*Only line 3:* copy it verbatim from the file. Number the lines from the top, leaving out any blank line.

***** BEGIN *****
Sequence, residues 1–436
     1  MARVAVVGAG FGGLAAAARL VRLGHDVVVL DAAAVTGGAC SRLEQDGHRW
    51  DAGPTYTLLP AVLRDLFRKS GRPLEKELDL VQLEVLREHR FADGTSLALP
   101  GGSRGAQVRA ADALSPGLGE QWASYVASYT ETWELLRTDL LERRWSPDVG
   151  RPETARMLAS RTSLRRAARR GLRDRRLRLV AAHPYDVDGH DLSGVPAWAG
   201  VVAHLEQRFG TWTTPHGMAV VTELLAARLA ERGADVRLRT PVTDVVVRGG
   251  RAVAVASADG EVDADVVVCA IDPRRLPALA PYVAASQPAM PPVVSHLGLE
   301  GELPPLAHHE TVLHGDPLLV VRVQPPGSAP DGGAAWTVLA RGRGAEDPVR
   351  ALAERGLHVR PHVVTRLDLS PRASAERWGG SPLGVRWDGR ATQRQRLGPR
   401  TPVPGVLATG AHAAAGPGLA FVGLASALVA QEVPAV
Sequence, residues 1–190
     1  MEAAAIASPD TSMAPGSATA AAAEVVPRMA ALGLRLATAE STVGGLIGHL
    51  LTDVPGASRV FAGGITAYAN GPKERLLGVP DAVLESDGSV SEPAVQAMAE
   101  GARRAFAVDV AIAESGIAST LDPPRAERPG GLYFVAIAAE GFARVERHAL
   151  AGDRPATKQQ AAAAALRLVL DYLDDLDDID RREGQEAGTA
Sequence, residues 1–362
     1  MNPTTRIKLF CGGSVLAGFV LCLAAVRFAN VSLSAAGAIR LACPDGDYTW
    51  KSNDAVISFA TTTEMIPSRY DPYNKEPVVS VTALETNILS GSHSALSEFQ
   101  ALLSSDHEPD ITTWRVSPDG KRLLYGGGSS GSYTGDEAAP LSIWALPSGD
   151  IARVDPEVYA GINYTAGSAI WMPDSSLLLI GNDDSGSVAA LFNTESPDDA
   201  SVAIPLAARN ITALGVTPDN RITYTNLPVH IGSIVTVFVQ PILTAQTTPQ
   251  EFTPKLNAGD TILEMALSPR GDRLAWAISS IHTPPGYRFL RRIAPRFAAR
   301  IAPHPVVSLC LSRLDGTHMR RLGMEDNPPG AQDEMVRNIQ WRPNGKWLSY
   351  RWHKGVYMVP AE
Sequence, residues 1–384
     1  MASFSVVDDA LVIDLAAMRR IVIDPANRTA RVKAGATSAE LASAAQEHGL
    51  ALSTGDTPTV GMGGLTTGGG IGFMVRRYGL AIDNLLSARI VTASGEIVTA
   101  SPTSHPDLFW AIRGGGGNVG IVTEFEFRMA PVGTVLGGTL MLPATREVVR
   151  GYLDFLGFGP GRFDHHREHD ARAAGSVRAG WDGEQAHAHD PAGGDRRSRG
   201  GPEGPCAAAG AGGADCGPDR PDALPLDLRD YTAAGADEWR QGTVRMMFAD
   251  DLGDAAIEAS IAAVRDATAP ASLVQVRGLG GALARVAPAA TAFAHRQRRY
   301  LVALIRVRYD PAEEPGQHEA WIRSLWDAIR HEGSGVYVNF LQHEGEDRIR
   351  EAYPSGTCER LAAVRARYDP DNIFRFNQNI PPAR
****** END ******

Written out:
    51  DAGPTYTLLP AVLRDLFRKS GRPLEKELDL VQLEVLREHR FADGTSLALP